Sorry about some of the funny formatting. Most of it is extra symbols (I have no idea why they are there and they don’t go a

 Sorry about some of the funny formatting.  Most of it is extra symbols (I have no idea why they are there and they don’t go away)



Red cabbage extract can indicate whether a substance is an acid (like vinegar) or a base (like ammonia). It can also show how strong an acid or a base a substance is. Chemists use the pH scale to express how acidic (like an acid) or basic (like a base) a substance is. A pH value below 7 means that a substance is acidic, and the smaller the number, the more acidic it is. A pH value above 7 means that a substance is basic, and the larger the number, the more basic it is. Red cabbage extract has different colors at different pH values. Acids are materials that have certain properties in common. Bases (also called alkalis) are other substances with a different set of properties. In these experiments, you will investigate some of these properties with materials that are found around your home. In addition, you will learn how chemists use the pH scale to describe acids and bases. Materials ListpH paperred cabbage ammonia vinegar Lemon juiceBaking sodaCans of veggies or fruits (look for fewest ingredients added)straws water beaker/colorless glasses/glass measuring cups teaspoontablespoonstirring rod strainer


PART 1:� Make the indicatorBoil the red cabbage in a beaker or pan of water until the color has been well extracted. More specifically, To make red cabbage indicator first cut the cabbage into quarters and grate into pot. Cover the cabbage with enough water and boil for approximately 5 minutes. Strain the indicator into three equal portions.Alternative method:� Place about 500 milliliters (2 cups) of red cabbage cut into 2.5-centimeter (1-inch) cubes into a blender or food processor. Add about 250 milliliters (1 cup) of water and blend the mixture until the cabbage has been chopped into uniformly tiny pieces. Strain the mixture by pouring it through a sieve.� Divide into three equal portions.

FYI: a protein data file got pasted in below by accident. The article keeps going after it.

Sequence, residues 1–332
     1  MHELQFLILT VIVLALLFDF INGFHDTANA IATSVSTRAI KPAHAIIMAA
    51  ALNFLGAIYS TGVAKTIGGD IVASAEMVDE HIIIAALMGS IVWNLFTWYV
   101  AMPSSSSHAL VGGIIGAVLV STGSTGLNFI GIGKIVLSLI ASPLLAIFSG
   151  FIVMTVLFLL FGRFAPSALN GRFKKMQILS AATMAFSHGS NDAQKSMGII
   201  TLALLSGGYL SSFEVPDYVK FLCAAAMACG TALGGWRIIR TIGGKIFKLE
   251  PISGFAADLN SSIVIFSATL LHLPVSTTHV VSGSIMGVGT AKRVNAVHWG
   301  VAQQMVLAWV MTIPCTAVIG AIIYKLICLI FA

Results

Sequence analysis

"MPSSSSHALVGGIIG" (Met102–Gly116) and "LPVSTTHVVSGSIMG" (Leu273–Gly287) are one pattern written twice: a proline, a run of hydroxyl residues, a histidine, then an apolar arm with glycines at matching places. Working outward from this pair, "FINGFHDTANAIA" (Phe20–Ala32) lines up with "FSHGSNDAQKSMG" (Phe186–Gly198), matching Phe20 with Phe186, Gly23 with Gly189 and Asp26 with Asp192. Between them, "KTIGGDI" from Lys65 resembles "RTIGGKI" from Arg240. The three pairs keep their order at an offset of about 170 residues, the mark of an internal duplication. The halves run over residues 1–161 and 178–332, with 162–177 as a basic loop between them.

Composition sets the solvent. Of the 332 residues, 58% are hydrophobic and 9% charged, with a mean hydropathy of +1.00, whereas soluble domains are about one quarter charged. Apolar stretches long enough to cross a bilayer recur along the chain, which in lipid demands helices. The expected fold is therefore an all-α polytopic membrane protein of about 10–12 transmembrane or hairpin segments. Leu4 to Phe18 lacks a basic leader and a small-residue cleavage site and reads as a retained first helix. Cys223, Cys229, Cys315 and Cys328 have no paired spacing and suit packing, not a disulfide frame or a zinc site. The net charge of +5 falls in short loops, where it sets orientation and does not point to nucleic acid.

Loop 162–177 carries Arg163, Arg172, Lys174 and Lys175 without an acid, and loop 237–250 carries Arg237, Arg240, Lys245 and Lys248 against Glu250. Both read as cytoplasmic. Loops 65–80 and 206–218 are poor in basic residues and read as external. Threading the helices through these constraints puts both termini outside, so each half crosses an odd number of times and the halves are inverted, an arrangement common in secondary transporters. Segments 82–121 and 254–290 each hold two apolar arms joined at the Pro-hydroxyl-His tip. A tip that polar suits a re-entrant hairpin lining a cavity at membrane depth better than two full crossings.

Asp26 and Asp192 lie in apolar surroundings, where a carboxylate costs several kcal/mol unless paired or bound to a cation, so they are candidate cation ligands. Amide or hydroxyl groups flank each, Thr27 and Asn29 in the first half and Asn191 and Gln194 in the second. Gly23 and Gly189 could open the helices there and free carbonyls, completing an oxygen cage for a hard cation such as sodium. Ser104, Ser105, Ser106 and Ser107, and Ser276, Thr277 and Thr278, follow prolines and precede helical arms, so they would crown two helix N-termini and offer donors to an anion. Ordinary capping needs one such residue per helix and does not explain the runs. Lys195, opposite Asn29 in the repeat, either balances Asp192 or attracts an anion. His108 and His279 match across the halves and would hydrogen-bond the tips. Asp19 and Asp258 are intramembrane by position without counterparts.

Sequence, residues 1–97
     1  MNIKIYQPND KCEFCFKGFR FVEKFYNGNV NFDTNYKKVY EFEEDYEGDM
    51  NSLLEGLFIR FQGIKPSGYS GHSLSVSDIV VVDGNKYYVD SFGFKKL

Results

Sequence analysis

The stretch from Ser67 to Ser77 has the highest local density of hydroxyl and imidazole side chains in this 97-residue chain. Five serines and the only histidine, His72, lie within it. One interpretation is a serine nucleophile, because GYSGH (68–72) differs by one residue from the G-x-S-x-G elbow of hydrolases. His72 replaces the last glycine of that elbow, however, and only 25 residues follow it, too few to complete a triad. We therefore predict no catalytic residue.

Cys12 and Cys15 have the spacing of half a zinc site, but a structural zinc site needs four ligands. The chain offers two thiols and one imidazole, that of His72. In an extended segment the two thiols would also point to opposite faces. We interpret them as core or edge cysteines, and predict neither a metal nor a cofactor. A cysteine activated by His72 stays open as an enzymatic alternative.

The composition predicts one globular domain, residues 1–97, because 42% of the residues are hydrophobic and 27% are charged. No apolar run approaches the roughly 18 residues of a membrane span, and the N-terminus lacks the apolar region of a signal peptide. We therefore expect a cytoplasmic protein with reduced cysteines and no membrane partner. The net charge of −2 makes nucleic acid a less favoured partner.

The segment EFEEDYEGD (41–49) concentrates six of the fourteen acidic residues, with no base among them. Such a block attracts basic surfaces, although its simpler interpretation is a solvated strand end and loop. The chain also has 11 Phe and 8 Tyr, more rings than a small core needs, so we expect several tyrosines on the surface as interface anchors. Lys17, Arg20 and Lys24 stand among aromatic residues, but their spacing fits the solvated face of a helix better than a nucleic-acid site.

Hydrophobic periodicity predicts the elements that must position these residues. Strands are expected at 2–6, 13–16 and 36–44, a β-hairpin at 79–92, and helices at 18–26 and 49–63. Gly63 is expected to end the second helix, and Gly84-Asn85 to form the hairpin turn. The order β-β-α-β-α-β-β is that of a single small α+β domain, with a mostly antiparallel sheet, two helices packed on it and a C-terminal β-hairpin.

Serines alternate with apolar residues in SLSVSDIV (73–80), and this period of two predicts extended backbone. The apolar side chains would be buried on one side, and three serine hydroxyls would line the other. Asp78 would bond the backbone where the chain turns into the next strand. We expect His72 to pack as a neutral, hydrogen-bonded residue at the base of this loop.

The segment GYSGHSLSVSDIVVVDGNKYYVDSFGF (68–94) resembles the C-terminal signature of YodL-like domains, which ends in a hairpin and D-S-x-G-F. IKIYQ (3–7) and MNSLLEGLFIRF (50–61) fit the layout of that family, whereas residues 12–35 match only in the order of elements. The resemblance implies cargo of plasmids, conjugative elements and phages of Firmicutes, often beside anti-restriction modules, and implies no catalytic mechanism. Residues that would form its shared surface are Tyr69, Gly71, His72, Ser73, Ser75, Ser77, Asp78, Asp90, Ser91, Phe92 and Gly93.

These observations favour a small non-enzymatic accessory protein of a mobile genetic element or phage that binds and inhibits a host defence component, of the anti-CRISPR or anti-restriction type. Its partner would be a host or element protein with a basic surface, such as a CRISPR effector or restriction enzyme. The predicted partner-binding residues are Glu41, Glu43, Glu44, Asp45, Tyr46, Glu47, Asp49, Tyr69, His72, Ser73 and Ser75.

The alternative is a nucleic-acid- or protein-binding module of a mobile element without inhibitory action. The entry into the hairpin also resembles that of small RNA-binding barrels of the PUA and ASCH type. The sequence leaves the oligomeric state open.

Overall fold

PART 2:� Test the indicatorSince red cabbage extract is an acid-base indicator, it should change color as pH conditions change.� To one portion of the indicator perform the following:1.      �Add a few drops of dilute ammonia. Indicator should turn green. 2.�� Using a straw, blow into the indicator solution until the green color turns blue. 3.�� Add a few drops of dilute vinegar….solution should turn pink.


PART 3:� Set up references (standards)The second portion of the red-cabbage extract will be used for exploring acids and bases. Examine the label of a bottle of white vinegar. The label probably says that it contains acetic acid. This indicates that vinegar is an acid and has properties of an acid. Let’s see what effect an acid has on the color of the red cabbage extract. Pour 125 milliliters (� cup) of vinegar into a labeled colorless drinking glass. Add 5 milliliters (1 teaspoon) of red cabbage extract, stir the mixture, and note its color. What is the color of the mixture? (Write your answer below.) Red